If we maintain something like my suggested shorter list, OEMs would need to start thinking about what features to highlight as differentiating (limited specs or perhaps custom apps / services) rather than simply how many devices can I possibly manufacture as if it’s some sort of arms race.

From a consumer side, the main things that seem to matter are: Can I do email / web? Can I do apps?  Can I send pictures?  Do I really need to sort through between of 38-56 devices to find a match when every single one of them can do all of those things?

Reading on Android

Following my last post I though it would be interesting to show a quick comparison between the options for InstaPaper (InstaFetch), ReaditLater and Readability. This is far from scientific and really just a single article but in my experience still highlights the reading experience. Of course this is purely subjective and your preferences may vary.

As I was perusing Flipboard over coffee I found a good piece with lots of links to catch up on. Here’s the first I decided to read … before becoming distracted with this test.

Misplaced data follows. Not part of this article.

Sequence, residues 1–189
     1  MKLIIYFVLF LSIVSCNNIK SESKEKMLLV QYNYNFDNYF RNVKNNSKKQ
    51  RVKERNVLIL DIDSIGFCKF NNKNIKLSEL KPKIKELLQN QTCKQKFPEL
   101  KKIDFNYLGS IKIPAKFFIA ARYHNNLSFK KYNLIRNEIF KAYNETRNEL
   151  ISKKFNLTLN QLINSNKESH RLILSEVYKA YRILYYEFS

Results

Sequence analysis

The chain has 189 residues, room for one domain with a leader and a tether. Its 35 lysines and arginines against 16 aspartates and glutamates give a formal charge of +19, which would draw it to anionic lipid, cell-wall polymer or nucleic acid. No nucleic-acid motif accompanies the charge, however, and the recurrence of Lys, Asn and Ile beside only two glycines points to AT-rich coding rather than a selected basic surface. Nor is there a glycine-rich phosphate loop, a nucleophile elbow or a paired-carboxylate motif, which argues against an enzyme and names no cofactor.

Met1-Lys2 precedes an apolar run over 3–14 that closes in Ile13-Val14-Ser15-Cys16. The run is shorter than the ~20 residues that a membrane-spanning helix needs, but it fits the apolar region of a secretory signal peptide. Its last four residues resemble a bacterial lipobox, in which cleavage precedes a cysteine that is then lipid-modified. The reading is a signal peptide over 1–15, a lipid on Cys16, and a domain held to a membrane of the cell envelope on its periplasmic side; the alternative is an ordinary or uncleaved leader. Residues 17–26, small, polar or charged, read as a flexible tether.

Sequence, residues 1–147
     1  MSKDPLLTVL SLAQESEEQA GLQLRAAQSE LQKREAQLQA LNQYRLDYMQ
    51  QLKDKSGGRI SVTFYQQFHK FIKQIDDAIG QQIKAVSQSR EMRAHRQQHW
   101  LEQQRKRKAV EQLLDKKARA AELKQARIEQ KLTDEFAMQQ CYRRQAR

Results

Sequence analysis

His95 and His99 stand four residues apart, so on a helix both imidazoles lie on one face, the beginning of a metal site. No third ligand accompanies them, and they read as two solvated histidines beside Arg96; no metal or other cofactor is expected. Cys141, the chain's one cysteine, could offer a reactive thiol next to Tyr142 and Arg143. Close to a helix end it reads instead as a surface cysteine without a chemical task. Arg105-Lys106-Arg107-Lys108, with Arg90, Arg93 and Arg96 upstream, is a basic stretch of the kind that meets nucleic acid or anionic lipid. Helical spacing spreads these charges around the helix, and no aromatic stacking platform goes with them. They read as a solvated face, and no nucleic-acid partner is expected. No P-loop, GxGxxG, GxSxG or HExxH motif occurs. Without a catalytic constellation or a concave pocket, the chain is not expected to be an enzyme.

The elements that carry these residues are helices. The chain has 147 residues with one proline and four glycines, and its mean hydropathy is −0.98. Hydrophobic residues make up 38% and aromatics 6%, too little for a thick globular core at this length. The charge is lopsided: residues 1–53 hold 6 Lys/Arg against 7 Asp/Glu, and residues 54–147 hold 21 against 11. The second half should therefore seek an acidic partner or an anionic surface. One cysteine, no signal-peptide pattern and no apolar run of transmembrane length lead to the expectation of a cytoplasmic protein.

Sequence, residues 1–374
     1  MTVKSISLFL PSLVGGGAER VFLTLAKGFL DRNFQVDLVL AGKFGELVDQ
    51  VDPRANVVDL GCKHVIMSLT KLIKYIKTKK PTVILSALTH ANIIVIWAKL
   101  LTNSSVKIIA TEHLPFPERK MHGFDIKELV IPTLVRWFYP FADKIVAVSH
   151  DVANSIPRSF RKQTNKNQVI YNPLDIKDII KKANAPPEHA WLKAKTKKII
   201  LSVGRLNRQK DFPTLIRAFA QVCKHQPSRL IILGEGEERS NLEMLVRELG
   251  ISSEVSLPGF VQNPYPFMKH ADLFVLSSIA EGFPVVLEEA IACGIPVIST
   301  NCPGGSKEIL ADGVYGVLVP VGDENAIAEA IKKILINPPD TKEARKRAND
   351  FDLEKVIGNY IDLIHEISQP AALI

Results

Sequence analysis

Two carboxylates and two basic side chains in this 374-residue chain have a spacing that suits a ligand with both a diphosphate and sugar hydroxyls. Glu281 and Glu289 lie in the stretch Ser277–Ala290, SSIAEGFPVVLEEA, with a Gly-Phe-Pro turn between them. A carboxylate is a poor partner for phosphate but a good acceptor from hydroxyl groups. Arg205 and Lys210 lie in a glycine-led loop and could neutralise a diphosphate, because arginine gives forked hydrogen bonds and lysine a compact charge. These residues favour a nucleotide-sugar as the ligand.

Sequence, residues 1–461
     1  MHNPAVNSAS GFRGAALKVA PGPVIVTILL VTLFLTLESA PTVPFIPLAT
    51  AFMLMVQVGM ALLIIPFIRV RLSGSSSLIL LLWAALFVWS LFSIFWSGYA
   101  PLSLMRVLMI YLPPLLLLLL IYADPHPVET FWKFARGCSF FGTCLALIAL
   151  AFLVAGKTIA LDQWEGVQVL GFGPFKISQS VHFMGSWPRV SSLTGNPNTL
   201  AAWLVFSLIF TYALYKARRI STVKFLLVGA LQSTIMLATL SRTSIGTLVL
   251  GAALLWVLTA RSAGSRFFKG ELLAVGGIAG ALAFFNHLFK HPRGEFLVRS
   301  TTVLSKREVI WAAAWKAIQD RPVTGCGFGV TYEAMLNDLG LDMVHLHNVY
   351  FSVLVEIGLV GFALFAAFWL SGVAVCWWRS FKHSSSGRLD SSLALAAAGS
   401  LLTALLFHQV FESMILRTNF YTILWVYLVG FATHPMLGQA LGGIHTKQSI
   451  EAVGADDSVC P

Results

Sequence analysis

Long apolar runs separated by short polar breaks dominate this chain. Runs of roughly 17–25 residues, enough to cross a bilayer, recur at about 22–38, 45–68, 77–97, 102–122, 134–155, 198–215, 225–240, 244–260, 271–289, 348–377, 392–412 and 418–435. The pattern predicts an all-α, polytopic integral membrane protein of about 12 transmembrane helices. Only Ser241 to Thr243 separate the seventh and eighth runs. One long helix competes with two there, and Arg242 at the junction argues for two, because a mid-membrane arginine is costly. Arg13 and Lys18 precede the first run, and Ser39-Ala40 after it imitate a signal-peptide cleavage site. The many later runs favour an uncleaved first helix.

Here’s what that piece looks like via InstaFetch:



And now in ReaditLater:


And finally in Readability:


Readability stands as my favorite as it tends to render the cleanest copy and also provides a terrific desktop experience if you want to use it there. Both InstaFetch and ReaditLater can sync in the background which is great for offline access. Readability is perfect for real-time conversions … at least until the app appears when I expect it will suit the full range.

iOS Apps I’d Really Like to See on Android

I’ve been using an Android device for a little over a year and my mobile habits are pretty formed. I also carry an iPhone and I’d love to find app parity between platforms. In general I’m equally productive across the two, but there are a few things I’d really like to have on Android that are simply missing at the moment… Nothing critical but all nice to have at different levels.

  • Reading: Flipboard, Zite Instapaper and a client for Readability (also missing on iOS). Google Currents is solid on both platforms and Android can do some really slick “send to” things with Intents for sharing but I’m looking for more app-ified reading to keep it flowing.
  • Photos: Instagram. Picplz and Lightbox are both nice but it’s the social side of Instagram I’m missing and what’d I’m looking forward to seeing finally arrive. I should acknowledge that since taking up Path, my desire for Instagram has lessened but mainly because the Galaxy Nexus is becoming my go to device. Path has some nice free / pay filters and excellent social sharing.